Emily Baines
February 14, 2016 8:25 am

Every few months, I browse through my favorite blogs and uncover those amazing stories of a mother lifting a crashed car off her trapped child or father. This phenomenon, known as “hysterical strength,” is impossible to scientifically research because it’s difficult to replicate those conditions for a study. Nonetheless, we know it’s real.

Well, it turns out you don’t just have to be worried about a loved one’s safety to harness this superhuman strength. People who are in love have experienced this phenomenon, as well. According to clinical sexologist and licensed marriage and family therapist Dr. Kat Van Kirk, people who are in love have, as well. “The oxytocin released in your system when you fall in love can actually increase your tolerance for physical pain,” Dr. Kirk explained.

The superpower benefits for lovebirds don’t end there. The European Journal of Preventive Cardiology published a study that showed that married people were less likely than their single peers to have, or die from, a heart attack. Wow. WOW. That’s one heck of a benefit of marriage— far more useful than the tax benefit my father keeps telling me about!

Lead researcher Dr. Aino Lammintausta explained,

“Our study suggests that marriage reduces the risk of acute coronary events and death due to acute coronary events in both men and women and at all ages. Furthermore, especially among middle-aged men and women, being married and cohabiting are associated with considerably better prognosis of incident acute coronary events both before hospitalization and after reaching the hospital alive.”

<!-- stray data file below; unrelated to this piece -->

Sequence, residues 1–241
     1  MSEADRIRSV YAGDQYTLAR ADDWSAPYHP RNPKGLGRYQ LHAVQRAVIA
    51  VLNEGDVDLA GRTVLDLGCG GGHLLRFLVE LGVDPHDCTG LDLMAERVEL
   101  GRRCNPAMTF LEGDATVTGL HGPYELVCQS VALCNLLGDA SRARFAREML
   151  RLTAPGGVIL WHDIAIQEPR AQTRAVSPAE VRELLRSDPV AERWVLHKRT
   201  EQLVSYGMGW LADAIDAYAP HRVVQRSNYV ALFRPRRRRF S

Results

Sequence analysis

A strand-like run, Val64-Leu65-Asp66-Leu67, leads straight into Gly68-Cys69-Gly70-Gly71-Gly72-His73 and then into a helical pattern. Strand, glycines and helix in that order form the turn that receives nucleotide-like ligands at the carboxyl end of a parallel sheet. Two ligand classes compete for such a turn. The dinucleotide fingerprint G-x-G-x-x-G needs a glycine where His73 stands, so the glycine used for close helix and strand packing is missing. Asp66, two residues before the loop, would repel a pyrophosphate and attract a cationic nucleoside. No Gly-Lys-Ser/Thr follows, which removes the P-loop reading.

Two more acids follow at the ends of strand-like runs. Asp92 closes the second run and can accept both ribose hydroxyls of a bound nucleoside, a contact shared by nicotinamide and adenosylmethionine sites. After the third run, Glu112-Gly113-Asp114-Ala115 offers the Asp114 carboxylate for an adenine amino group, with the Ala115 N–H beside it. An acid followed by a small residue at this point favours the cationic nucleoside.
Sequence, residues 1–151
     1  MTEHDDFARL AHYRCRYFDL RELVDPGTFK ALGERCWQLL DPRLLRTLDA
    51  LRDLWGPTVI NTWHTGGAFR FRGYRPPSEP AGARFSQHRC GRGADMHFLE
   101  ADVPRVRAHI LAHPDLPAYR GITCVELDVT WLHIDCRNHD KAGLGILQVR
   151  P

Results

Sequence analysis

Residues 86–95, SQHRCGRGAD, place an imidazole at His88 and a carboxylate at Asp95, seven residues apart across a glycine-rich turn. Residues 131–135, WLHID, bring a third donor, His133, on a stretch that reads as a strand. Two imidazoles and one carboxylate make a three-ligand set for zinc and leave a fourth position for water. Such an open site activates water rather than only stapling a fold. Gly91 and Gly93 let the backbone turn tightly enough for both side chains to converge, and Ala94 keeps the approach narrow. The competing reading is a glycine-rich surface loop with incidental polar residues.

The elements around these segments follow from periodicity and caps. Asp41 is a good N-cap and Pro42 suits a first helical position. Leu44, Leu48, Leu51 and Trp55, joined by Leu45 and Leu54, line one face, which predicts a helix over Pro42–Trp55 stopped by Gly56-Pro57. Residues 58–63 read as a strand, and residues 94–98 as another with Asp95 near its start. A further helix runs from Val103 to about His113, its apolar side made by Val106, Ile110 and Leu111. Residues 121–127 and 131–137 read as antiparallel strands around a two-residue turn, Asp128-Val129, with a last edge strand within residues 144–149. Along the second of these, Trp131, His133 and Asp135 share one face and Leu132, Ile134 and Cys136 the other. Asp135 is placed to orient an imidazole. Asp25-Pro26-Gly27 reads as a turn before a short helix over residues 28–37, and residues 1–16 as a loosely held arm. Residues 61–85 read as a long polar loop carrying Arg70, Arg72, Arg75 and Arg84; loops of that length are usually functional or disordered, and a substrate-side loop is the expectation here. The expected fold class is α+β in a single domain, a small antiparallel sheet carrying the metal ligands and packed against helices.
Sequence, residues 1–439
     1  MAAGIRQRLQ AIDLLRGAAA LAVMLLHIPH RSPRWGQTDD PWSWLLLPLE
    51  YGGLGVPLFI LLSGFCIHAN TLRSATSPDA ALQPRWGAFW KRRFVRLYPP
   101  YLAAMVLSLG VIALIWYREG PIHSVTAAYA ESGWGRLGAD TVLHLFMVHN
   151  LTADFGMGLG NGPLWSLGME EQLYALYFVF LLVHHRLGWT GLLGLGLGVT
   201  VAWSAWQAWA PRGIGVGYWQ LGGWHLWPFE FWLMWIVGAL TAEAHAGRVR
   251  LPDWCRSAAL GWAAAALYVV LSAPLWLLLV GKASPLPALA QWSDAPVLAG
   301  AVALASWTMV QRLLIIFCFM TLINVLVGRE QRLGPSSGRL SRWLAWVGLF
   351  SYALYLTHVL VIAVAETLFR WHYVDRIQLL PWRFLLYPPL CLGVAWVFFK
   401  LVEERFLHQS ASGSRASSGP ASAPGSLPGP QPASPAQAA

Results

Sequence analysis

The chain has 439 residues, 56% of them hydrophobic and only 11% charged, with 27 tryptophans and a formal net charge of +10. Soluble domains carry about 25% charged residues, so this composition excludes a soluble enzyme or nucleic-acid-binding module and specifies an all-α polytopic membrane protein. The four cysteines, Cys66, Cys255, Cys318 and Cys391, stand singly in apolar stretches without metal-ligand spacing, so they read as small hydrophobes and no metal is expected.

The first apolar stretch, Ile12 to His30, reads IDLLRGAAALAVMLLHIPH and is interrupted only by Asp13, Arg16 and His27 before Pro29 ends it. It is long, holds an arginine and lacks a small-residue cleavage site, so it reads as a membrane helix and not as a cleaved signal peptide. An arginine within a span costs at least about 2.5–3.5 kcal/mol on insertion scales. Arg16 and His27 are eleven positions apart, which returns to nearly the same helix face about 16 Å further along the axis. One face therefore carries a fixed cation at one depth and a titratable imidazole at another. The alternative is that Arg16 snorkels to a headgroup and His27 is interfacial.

Well, now I can’t stop humming Huey Lewis and the News’ The Power of Love. What? They were right! Just look at the evidence!

Seriously, this science shouting the benefits of of marriage is blowing our minds. For example, a Journal of Health and Social Behavior study proved that married people’s post-surgery survival rate is three times higher than that of single people. (Great. My single brother has a routine doctor’s appointment later this week and now I am terrified for him.)

Meanwhile, a study conducted by researchers at the University of Chicago found that those in a committed relationship reported a reduction in the stress hormone cortisol. (I, for one, have found myself less stressed since being in a relationship—even when my S.O. forgets to do the dishes.) This finding bolsters an already large body of evidence showing how a healthy romantic partnership can insulate us from stress. But for most of us, this is not surprising information. After all, emotional support can only aid psychological health. People act more stable when they feel someone is looking out for their interests and cares about their welfare.

When I am near my loved one, I feel invincible. I just didn’t know that might actually be the case!

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